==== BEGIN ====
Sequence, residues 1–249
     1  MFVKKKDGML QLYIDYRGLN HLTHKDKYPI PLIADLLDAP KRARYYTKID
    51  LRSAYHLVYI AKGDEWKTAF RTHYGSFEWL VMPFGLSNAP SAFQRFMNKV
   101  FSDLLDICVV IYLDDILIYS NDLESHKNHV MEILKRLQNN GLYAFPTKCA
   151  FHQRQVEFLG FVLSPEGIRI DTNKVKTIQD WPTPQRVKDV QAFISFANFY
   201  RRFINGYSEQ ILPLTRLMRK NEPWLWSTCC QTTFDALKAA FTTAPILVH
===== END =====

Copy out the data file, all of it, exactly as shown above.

Sequence, residues 1–249
     1  MFVKKKDGML QLYIDYRGLN HLTHKDKYPI PLIADLLDAP KRARYYTKID
    51  LRSAYHLVYI AKGDEWKTAF RTHYGSFEWL VMPFGLSNAP SAFQRFMNKV
   101  FSDLLDICVV IYLDDILIYS NDLESHKNHV MEILKRLQNN GLYAFPTKCA
   151  FHQRQVEFLG FVLSPEGIRI DTNKVKTIQD WPTPQRVKDV QAFISFANFY
   201  RRFINGYSEQ ILPLTRLMRK NEPWLWSTCC QTTFDALKAA FTTAPILVH